Results 1 - 6 of 6.
Microtechnics - Materials Science - 24.11.2020
Miniscule robots of metal and plastic
Researchers at ETH Zurich have developed a technique for manufacturing micrometre-long machines by interlocking multiple materials in a complex way. Such microrobots will one day revolutionise the field of medicine. Robots so tiny that they can manoeuvre through our blood vessels and deliver medications to certain points in the body - researchers have been pursuing this goal for years.
Computer Science - Microtechnics - 11.11.2020
On the way to lifelike robots
In order for robots to be able to achieve more than simple automated machines in the future, they must not only have their own "brain". Empa researchers postulate that artificial intelligence must be expanded to include the capabilities of a Physical Artificial Intelligence, PAI. This will redefine the field of robotics and the relationship between man and machine.
Environment - Microtechnics - 03.11.2020
Drones to monitor ecological changes
A team of researchers from Empa and Imperial College London developed drones that can attach sensors to trees to monitor environmental and ecological changes in forests. Sensors for forest monitoring are already used to track changes in temperature, humidity and light, as well as the movements of animals and insects through their habitats.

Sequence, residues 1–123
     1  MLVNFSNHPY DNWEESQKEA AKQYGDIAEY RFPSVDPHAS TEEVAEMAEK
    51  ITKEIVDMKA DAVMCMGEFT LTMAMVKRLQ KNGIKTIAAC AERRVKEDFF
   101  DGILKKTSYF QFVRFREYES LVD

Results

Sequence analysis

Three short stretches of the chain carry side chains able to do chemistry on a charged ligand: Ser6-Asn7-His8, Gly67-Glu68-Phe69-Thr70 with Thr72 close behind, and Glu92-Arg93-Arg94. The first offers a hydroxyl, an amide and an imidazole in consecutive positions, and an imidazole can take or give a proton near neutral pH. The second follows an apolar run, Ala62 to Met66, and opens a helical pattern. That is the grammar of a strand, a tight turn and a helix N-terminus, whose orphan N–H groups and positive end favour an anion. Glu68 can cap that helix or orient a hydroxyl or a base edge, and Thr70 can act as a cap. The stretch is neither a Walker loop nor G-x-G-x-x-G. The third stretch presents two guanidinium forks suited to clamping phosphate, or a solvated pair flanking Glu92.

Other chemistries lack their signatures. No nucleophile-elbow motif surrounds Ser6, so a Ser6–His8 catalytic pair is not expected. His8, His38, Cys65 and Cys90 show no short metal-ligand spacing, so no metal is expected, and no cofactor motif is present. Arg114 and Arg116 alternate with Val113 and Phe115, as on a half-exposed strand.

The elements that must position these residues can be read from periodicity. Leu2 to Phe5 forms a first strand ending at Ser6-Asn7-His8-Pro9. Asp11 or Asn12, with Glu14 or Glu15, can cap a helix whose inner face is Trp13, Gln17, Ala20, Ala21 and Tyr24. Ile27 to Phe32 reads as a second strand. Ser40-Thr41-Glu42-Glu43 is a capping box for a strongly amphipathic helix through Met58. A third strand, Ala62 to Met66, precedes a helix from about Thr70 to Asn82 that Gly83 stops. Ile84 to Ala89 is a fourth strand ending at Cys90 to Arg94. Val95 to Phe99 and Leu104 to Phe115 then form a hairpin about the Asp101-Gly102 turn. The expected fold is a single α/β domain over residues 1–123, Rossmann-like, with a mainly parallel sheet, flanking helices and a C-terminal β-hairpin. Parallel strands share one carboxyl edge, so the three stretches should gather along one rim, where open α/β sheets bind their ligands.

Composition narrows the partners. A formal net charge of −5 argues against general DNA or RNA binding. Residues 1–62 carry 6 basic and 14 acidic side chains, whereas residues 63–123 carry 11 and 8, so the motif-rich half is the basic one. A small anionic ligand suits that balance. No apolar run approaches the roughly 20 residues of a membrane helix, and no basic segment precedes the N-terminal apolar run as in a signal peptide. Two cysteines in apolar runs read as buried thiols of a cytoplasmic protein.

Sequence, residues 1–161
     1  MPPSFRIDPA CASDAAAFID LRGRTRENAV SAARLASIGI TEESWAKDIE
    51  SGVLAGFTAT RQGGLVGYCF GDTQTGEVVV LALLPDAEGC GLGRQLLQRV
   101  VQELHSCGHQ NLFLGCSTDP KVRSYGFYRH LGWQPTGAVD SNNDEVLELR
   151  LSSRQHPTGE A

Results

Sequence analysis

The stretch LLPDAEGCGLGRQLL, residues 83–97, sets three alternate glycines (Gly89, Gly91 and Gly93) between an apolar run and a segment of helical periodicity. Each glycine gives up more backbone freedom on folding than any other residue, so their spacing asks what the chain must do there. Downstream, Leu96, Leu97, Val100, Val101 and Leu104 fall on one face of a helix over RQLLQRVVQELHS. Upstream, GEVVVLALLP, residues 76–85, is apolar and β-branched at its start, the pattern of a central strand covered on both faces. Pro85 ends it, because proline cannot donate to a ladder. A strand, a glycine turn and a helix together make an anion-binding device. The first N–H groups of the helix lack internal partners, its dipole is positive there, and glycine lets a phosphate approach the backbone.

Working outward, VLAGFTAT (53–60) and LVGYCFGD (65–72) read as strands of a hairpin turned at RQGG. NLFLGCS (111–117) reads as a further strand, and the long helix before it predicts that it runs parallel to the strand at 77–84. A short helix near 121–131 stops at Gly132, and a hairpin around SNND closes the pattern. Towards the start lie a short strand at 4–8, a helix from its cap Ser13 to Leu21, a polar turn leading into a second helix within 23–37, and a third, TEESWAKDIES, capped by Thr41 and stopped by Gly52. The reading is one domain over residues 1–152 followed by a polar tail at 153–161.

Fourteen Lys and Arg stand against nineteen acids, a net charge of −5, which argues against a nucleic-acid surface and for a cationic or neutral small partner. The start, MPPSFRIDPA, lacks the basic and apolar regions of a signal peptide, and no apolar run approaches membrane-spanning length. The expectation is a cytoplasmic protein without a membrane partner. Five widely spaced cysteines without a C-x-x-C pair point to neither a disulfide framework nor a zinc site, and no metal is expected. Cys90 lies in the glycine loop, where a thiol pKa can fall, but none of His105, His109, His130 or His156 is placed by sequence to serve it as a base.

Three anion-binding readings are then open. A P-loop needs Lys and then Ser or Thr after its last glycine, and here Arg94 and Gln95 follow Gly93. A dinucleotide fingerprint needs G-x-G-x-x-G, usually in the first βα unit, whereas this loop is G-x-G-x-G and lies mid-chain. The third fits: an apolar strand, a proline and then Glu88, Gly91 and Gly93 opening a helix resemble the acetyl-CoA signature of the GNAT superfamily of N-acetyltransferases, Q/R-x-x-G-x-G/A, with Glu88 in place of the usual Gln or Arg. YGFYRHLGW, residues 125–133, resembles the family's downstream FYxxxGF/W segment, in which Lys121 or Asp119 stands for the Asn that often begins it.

Microtechnics - 23.06.2020
Deep Drone Acrobatics
A navigation algorithm developed at the University of Zurich enables drones to learn challenging acrobatic maneuvers. Autonomous quadcopters can be trained using simulations to increase their speed, agility and efficiency, which benefits conventional search and rescue operations. Since the dawn of flight, pilots have used acrobatic maneuvers to test the limits of their airplanes.
Microtechnics - Computer Science - 19.03.2020
This Drone Can Play Dodgeball - And Win
Using a novel type of cameras, researchers from the University of Zurich have demonstrated a flying robot that can detect and avoid fast-moving objects. A step towards drones that can fly faster in harsh environments, accomplishing more in less time. Drones can do many things, but avoiding obstacles is not their strongest suit yet - especially when they move quickly.
Computer Science - Microtechnics - 16.03.2020
Allowing robots to feel
With the help of machine learning, ETH researchers have developed a novel yet low-cost tactile sensor. The sensor measures force distribution at high resolution and with great accuracy, enabling robot arms to grasp sensitive or fragile objects. We humans have no problem picking up fragile or slippery objects with our hands.